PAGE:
113. Shin, Naomi Lapidus
    2014 Grammatical complexification in Spanish in New York: 3sg pronoun expression and verbal ambiguity. Language variation and change26(3): 303–30. 10.1017/S095439451400012X
    https://doi.org/10.1017/S095439451400012X [Google Scholar]
  114. Siewierska, Anna
    1999 From anaphoric pronoun to grammatical agreement marker: Why objects don’t make it. Folia Linguistica, 33(1–2).
    [Google Scholar]
  115. 2001 On the argument status of cross-referencing forms: Some problems. Revista Canaria de Estudios Ingleses, (42): 215–36.
    [Google Scholar]
  116. 2004Person. Cambridge University Press. 10.1017/CBO9780511812729
    https://doi.org/10.1017/CBO9780511812729 [Google Scholar]
  117. Siewierska, Anna & Dik Bakker
    2005 The agreement cross-reference continuum: Person marking in FG. In Kees Hengeveld & Casper de Groot (eds.), Morphosyntactic Expression in Functional Grammar. Berlin: De Gruyter Mouton. 10.1515/9783110920833.203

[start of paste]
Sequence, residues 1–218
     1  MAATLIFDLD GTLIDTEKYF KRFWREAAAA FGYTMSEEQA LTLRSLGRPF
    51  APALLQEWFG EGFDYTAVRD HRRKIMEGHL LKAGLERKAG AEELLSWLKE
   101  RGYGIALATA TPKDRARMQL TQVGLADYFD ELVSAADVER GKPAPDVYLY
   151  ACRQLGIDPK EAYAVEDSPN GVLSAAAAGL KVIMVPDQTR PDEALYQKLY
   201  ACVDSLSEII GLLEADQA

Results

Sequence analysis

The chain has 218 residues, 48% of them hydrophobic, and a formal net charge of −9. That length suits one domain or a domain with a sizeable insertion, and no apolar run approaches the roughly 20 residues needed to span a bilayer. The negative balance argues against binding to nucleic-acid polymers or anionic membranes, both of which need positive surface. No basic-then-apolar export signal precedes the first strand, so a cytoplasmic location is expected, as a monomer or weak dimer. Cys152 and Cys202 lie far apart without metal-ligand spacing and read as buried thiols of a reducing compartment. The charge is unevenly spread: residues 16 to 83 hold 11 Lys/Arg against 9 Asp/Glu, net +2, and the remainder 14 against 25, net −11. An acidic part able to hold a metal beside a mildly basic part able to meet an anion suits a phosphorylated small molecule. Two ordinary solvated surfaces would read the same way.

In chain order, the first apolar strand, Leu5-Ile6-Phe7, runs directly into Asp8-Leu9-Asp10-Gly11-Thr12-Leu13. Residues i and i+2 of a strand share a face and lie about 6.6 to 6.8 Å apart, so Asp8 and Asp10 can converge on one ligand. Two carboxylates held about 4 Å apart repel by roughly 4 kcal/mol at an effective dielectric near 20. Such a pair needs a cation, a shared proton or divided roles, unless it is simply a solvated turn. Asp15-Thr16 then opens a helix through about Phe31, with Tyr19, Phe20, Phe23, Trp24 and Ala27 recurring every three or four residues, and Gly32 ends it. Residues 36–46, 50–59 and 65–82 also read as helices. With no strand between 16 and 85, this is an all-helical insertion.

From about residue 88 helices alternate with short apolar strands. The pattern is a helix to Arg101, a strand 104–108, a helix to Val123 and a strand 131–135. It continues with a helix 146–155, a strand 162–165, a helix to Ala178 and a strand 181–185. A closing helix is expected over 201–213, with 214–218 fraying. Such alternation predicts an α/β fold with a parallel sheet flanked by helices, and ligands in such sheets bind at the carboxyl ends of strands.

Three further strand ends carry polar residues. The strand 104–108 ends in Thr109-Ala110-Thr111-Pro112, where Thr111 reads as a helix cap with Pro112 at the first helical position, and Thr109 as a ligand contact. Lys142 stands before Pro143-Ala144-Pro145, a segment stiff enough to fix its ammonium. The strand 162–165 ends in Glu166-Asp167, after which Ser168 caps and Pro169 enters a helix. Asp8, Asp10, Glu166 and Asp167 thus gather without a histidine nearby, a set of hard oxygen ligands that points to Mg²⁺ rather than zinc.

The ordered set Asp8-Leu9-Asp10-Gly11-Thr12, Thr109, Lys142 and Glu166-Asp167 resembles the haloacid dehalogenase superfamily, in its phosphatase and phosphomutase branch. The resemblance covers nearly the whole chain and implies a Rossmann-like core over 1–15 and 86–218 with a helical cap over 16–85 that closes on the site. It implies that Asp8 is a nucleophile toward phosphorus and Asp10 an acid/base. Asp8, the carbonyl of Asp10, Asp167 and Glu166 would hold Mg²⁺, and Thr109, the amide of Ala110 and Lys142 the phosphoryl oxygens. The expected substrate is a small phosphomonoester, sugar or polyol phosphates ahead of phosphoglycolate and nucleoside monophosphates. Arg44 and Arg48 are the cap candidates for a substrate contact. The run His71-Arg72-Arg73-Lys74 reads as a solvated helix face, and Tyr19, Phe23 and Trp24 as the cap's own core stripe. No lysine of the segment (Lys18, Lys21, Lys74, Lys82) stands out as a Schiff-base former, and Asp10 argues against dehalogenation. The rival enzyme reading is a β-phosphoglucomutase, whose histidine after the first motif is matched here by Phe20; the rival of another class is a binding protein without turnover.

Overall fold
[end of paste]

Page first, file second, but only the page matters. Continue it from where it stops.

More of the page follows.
https://doi.org/10.1515/9783110920833.203 [Google Scholar]
  118. Silva, Claudia R. T.
    2013 Comportamento e natureza dos sujeitos duplicados no crioulo caboverdiano e no português falado em comunidades quilombolas. In M. D. D. Moura & M. A. Silbado (eds.), Para a história do português brasileiro: Sintaxe comparativa entre o português brasileiro e línguas crioulas de base lexical portuguesa, 167–206. Maceió: EDUFAL.
    [Google Scholar]
  119. Silva, Claudia R. T. , Danniel Carvalho , & Fernanda M. Ziober
    2016 Traços de pessoa e duplos sujeitos no português. Presented at XXXI Econtro nacional da ANPOLL GT– Teoria da Gramática . Campinas, São Paolo.
    [Google Scholar]
  120. 2017 Licenciamento de duplos sujeitos em variedades do português: pessoa, definitude e estrutura de traços. Letras Escreve7(2): 91. 10.18468/letras.2017v7n2.p91‑116
    https://doi.org/10.18468/letras.2017v7n2.p91-116 [Google Scholar]
  121. Silva, Claudia R. T. & Fernanda M. Ziober
    2017 Sobre os sujeitos pré-verbais duplicados: uma análise contrastiva entre o português vernacular brasileiro, o caboverdiano e o santomé. Estudos linguísticos e literários57: 164–85. 10.9771/ell.v0i57.24295
    https://doi.org/10.9771/ell.v0i57.24295 [Google Scholar]
  122. Silva, Izione Santos